Isleworth Cemetery

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Poor little Isleworth deserves a lot better treatment than it's had. The beautiful pair of Gothic chapels are boarded up and fenced off; the mortuary is falling down; kerbstones have been kicked or fallen in. Hounslow Council may, though, be doing their belated best to tidy things up; there's evidence of contractors working on the site, though whether they're doing anything more than piling up pieces of broken headstone remains to be seen. I'd love the chapels to be opened again: the hints you can see from outside the fence speak of something rather lovely, and I wished I were younger and fitter and could shin over the barbed wire and have a proper look.

Even so, it's worth a visit. Two memorials particularly stand out. The red granite obelisk is for Alice Ayres, the nursemaid who rescued three children in her care from a fire. Overcome by smoke inhalation, she fell from the building, and injured her spine. She died two days later in Guy's Hospital. The monument was paid for by public subscription.

The grey granite baroque "pepper pot" is for the Pears soap dynasty, including Tom Pears who drowned in the Titanic disaster.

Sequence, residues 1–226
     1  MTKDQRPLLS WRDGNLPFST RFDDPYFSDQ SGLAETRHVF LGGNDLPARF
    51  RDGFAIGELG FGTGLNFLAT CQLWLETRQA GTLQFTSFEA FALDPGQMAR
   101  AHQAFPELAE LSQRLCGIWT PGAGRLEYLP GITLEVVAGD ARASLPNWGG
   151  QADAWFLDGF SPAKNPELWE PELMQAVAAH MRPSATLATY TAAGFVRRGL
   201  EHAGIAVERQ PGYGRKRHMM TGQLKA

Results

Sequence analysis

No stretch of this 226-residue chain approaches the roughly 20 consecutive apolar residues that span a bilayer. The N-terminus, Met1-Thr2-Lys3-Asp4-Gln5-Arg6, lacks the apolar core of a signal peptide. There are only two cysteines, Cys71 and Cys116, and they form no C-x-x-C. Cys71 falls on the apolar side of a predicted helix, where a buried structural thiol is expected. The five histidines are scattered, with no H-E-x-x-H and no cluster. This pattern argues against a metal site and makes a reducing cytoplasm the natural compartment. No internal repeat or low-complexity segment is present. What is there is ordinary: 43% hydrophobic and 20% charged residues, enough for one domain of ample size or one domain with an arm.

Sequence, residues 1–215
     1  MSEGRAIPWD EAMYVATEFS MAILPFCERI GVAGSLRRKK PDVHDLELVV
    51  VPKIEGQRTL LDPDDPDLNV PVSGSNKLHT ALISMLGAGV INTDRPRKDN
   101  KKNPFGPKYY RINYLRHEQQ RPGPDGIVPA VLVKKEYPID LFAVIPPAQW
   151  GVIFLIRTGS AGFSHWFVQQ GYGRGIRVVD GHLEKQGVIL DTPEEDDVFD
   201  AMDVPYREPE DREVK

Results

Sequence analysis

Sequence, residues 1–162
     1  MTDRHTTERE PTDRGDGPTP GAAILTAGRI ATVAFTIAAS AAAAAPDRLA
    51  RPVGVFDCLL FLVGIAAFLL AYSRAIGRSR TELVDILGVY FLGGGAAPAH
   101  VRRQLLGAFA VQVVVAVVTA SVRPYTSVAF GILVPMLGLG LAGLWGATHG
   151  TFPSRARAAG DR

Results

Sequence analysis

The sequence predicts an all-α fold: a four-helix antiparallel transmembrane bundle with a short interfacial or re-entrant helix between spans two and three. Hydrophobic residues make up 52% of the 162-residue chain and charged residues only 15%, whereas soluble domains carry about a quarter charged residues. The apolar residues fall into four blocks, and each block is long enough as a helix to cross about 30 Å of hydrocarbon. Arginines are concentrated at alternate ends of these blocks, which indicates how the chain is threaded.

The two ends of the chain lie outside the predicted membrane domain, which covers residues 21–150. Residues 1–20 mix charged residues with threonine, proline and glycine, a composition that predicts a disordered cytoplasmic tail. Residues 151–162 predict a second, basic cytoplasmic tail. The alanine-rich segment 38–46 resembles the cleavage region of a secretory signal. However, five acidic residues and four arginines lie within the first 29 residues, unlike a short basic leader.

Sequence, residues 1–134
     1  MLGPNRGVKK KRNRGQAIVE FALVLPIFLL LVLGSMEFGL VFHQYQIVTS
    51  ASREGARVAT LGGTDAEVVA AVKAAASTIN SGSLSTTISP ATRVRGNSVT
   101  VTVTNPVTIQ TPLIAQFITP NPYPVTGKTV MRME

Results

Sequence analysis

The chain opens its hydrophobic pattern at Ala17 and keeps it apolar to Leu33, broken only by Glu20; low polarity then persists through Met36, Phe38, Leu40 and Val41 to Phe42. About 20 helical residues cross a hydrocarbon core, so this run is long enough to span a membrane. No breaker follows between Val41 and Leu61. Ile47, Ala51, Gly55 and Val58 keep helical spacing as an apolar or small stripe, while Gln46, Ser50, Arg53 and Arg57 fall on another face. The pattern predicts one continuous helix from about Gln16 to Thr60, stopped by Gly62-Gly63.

Visiting: Richmond station and then the H37 bus to the Isleworth war memorial; 267 bus from Hammersmith or Hampton Court; or one of the buses that goes along London Road: 235, 237, 635. Don't try and cut through West Middlesex Hospital to get to the cemetery from Twickenham Road; you need to walk down Park Road.

More posts about this cemetery

Filed under: 19th Century 20th Century London Cemeteries .

2 Responses to Isleworth Cemetery

  1. Claire says:

    Really good to see these photos, this is my local area - years ago, I worked at the hospital, and in those days the cemetery was a lot better looked after than it is now!

    You may also be interested in the churchyard of All Saints, which is just down the road from Isleworth Cemetery - just past the gates to Syon Park. The church itself is a strange mish-mash of medieval and modern (much of the main body of the church was destroyed in an arson attack during World War Two), but the churchyard is a lovely peaceful place notable mainly for the large yew tree and plaque that mark the site of a 17th century plague pit...

    Fascinating stuff, thanks for posting this!

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